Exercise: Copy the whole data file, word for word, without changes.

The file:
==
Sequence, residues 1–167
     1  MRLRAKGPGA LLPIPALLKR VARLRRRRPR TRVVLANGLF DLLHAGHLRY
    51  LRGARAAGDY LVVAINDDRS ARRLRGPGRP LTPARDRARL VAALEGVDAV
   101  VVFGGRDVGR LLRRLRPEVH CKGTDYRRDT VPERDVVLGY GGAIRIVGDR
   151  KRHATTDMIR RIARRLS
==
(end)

Sequence, residues 1–167
     1  MRLRAKGPGA LLPIPALLKR VARLRRRRPR TRVVLANGLF DLLHAGHLRY
    51  LRGARAAGDY LVVAINDDRS ARRLRGPGRP LTPARDRARL VAALEGVDAV
   101  VVFGGRDVGR LLRRLRPEVH CKGTDYRRDT VPERDVVLGY GGAIRIVGDR
   151  KRHATTDMIR RIARRLS